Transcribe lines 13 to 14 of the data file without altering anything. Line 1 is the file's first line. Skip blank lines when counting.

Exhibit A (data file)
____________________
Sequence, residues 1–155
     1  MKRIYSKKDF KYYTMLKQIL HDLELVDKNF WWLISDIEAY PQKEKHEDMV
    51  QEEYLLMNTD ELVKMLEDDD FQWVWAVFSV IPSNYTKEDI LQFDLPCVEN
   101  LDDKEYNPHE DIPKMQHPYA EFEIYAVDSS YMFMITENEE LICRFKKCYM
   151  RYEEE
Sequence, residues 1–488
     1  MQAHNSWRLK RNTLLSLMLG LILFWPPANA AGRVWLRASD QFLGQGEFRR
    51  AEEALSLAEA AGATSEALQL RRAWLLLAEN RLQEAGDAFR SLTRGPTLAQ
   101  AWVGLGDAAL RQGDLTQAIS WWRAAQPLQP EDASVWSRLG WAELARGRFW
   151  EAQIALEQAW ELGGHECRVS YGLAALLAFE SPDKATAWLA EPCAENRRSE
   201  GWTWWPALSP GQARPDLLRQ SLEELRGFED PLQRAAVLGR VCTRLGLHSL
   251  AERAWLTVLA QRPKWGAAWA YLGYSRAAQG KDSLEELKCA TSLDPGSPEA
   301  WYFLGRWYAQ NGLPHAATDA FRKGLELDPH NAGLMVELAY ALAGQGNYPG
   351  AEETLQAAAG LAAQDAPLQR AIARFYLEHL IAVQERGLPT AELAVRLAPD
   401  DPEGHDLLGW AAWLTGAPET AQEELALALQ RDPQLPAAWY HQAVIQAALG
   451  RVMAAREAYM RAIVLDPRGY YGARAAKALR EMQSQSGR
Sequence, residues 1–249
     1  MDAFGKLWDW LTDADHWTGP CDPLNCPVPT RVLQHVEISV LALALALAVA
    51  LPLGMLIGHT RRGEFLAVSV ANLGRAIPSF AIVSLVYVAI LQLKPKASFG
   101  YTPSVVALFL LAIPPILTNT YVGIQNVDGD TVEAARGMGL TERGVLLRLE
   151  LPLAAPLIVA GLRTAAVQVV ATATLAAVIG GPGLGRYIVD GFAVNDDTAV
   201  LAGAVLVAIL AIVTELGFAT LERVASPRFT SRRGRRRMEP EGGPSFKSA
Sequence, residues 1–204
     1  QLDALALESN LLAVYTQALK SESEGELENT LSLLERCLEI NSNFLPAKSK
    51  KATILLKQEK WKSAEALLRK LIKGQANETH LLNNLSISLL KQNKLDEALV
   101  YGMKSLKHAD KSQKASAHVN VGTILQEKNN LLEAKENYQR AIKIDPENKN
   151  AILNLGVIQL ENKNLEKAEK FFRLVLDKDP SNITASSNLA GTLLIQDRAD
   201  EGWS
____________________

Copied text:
   301  WYFLGRWYAQ NGLPHAATDA FRKGLELDPH NAGLMVELAY ALAGQGNYPG
   351  AEETLQAAAG LAAQDAPLQR AIARFYLEHL IAVQERGLPT AELAVRLAPD